Each generation is born into a different time, with its own set of challenges, opportunities, and shared experiences. This temporal consideration — among many other factors — plays a role in how someone might respond to a crisis.
A global generational war is brewing over the novel coronavirus. Or so it seems. Some preach the severity of the situation (often older people), while others continue with life as usual (many younger people). There are even those who act in purposeful defiance, like attending corona parties. Where is the difference in reaction coming from? It boils down to three elements that are playing out in different ways: physical distancing, cognitive dissonance, and social solidarity.
Myopia: A forgotten past
On the phone with my grandmother, before South Africa officially went into a three-week lockdown, she told me to ensure I have the following:
2. A radio
My grandmother was born in a small Karoo town in 1931, and so was raised during the Great Depression and World War II. She’d lived through scarcity, uncertainty, and boredom. Her advice for covid-19 supplies spoke to the need for sustenance (food), information (radio), and entertainment (puzzles). She’d lived through this scenario before, and has been able to adapt. However, many aren’t, whether it’s not having a similar frame of reference against which they can make judgments, or not wanting to return to a state of limitation, or not being afforded the privilege of making drastic changes to their current lifestyle, or even simply not wanting to give up their freedom of choice.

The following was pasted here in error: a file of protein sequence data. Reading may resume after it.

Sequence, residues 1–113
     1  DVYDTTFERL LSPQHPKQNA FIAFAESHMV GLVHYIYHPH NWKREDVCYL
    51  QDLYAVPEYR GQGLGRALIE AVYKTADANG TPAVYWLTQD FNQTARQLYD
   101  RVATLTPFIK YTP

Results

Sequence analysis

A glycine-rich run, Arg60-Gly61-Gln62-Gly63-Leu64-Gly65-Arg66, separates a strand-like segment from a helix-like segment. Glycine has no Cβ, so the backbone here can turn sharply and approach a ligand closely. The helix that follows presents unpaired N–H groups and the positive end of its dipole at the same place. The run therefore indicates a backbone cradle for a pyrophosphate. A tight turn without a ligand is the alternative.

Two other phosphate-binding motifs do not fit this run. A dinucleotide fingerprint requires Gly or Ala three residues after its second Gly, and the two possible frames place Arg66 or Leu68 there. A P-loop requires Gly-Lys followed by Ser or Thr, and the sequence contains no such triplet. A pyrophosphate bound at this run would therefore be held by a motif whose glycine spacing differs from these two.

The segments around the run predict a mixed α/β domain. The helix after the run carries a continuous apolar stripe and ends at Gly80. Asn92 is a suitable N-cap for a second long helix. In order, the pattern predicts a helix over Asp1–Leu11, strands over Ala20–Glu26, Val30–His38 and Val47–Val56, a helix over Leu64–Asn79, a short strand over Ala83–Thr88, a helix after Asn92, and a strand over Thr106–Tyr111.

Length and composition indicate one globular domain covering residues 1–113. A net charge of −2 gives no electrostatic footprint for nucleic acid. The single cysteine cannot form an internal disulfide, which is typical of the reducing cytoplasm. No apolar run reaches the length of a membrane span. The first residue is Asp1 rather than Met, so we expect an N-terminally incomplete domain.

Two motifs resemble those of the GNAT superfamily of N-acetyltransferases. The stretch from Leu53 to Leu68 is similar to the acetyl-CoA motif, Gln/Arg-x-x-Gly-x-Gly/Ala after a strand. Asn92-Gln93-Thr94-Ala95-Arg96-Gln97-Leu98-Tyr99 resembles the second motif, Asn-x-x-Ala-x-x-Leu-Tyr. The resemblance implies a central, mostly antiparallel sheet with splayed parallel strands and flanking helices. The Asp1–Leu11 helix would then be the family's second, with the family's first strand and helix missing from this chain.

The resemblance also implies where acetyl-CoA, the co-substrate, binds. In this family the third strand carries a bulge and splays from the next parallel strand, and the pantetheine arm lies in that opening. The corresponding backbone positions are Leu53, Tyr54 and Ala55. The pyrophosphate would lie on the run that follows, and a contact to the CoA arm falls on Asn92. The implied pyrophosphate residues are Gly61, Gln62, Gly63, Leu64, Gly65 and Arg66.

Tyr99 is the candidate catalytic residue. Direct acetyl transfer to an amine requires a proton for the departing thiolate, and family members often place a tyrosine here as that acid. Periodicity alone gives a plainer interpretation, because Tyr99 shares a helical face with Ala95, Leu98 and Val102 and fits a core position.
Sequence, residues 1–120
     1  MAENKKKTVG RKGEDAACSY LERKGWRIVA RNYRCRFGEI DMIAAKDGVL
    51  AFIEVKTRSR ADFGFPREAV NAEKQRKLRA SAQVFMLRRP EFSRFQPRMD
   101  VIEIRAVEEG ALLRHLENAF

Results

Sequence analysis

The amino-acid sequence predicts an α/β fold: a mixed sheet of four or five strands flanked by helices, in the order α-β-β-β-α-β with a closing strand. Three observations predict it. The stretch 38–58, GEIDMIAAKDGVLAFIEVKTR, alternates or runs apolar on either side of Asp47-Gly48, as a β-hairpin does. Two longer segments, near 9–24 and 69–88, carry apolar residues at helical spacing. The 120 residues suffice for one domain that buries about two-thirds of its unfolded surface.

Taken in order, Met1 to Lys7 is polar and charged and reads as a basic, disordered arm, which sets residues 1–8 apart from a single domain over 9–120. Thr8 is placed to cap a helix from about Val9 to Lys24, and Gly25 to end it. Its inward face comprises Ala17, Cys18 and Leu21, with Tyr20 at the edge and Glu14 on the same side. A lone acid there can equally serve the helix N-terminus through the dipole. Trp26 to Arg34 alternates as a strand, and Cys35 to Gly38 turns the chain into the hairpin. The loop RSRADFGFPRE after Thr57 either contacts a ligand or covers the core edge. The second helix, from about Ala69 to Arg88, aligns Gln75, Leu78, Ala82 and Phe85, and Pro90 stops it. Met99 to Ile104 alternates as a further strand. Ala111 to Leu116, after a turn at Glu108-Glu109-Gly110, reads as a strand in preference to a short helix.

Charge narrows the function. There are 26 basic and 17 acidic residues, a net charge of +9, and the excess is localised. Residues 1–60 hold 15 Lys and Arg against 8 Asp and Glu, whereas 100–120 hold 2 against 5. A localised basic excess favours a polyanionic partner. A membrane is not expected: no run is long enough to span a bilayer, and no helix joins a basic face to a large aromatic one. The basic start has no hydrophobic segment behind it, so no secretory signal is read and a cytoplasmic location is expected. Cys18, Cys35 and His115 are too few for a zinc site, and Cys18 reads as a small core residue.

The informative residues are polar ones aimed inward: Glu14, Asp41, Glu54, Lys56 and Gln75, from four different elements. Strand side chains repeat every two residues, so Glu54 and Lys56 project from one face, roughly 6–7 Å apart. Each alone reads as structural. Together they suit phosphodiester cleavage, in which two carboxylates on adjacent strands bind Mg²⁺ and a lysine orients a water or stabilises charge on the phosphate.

We need to understand change from multiple perspectives, and not make assumptions. In times like these, brands and businesses need to consider multiple possibilities and prepare several solutions to meet the population’s new and varied needs.
Dystopia: An apocalyptic reality
Sohail Inayatullah’s framework for thinking about the future is useful in understanding where we are right now, and where we need to be to make it through a crisis. The framework is divided into six foundational concepts:
Utopia: An imaginary future
Oscar Wilde considered progress to be the realisation of utopias. Many literary and philosophical theorists believe that a utopia is more revealing of the time in which it was formulated than of what people actually imagine would occur in the future. If, today, people dream of a future where there’s an abundance of natural resources and an elimination of inequality, this is a reflection of our present reality where we experience shortage and disparity. What could South Africa’s utopia look like?
This article was published on Marklives